Beneficial nematodes are a healthy and all-natural proactive pest solution that kills bugs before they ever have a chance to destroy your plants. In this post, I’ll tell you exactly how they work and when to apply them. Then I’ll give you step-by-step instructions for how to spread nematodes in your garden.
Skip the chemical pesticides this season. Beneficial nematodes are a totally organic, chemical-free solution to your garden pest insect problems.
With these natural predators, you can control damaging bugs before they ever emerge from the soil. The best part is that they only attack the bad bugs, and won’t harm pollinators or other beneficial insects.
These helpful nematodes will kill the grubs that grow into detrimental insects before they ever have a chance to eat your plants. When applied correctly, they will continue to protect your garden all season long.
Below, I will tell you how they work, and show you when and how to apply them in order to keep your garden pest-free.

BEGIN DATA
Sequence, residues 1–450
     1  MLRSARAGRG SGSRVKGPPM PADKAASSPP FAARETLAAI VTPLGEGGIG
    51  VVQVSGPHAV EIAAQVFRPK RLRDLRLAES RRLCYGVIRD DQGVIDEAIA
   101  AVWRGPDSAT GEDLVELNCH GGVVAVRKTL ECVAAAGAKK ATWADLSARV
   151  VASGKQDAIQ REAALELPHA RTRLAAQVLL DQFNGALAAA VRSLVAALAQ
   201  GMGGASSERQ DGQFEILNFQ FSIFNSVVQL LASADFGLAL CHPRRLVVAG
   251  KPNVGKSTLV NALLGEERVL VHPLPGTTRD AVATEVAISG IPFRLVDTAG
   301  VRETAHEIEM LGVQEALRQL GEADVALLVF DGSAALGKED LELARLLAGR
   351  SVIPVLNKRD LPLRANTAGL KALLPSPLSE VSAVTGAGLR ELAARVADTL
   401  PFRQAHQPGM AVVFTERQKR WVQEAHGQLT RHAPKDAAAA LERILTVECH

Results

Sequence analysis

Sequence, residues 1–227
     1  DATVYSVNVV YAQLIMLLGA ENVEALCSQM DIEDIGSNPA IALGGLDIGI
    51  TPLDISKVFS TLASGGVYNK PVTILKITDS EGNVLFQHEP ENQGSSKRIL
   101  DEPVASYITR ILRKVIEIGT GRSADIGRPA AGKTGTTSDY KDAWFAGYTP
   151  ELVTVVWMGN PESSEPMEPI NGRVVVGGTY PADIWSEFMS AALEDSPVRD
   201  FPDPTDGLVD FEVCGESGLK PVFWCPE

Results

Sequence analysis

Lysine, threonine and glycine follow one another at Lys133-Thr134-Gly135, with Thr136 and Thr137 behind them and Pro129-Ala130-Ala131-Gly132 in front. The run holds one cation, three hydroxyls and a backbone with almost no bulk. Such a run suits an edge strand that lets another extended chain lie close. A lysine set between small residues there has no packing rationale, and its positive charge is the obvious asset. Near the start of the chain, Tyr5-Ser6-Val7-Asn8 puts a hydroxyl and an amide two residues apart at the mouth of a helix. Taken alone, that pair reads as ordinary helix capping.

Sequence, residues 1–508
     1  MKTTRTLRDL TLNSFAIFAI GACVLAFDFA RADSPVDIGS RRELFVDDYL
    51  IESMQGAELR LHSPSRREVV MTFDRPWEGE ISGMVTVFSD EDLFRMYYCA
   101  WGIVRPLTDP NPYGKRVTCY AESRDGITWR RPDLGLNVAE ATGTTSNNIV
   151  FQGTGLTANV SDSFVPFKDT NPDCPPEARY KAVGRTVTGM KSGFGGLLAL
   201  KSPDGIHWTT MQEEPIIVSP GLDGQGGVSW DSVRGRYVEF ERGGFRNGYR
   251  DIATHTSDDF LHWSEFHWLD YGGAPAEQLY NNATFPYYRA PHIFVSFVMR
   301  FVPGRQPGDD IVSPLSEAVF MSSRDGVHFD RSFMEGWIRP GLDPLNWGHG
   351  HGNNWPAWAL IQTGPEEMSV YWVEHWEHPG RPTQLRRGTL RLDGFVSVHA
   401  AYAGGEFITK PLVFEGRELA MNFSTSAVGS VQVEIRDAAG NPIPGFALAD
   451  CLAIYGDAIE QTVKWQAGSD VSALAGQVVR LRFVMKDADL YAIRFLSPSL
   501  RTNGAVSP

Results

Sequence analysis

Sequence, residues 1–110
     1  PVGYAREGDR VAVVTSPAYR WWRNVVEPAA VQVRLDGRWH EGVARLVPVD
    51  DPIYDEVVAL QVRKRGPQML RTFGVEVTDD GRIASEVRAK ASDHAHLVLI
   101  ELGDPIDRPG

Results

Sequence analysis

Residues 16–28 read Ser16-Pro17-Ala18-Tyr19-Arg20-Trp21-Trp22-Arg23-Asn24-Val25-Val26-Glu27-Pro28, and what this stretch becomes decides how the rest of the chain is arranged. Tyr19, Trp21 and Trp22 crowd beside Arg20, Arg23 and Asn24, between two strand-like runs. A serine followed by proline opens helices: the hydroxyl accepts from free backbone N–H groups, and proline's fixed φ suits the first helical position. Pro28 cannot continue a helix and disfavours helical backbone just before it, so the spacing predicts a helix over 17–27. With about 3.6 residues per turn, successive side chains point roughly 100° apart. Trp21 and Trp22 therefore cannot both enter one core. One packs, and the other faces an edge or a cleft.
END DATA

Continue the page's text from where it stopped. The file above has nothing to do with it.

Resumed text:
Here’s what you’ll find in this guide for using beneficial nematodes to control garden pests…
What Are Beneficial Nematodes
Beneficial nematodes are microscopic organisms that are commonly used to control many different types of garden insect pests.
They live in the soil, where they are found naturally. Plus, they’re completely organic, non-toxic, and safe to use around people and pets.
Types Of Beneficial Nematodes
It’s important to understand that there are different types of beneficial nematodes, and their prey can vary by species. All kinds will feed on various pest insect larvae, but they don’t feed on everything.
So, for best results, you should know what type of insect pest you’re targeting. That way, you can be sure to get the best type of nematodes that prey on that specific pest.
Check the package to make sure the kind you buy targets your specific insect pest. If you have more than one kind of bug you want to get rid of, you may need to apply different species of beneficial nematodes. Don’t worry, they won’t harm each other.
Some packages come with several different species mixed together, so one application can target a larger array of bad bugs. So, if you’re targeting multiple pests, you may want to buy a mixed package.
What Do Beneficial Nematodes Look Like?
They are invisible to the naked eye. However, if you were to look at them under a microscope, beneficial nematodes look like long roundworms.
Sounds gross, I know, so it’s probably a good thing that we can’t see them. Don’t worry, they won’t crawl on you or anything like that. They live underground.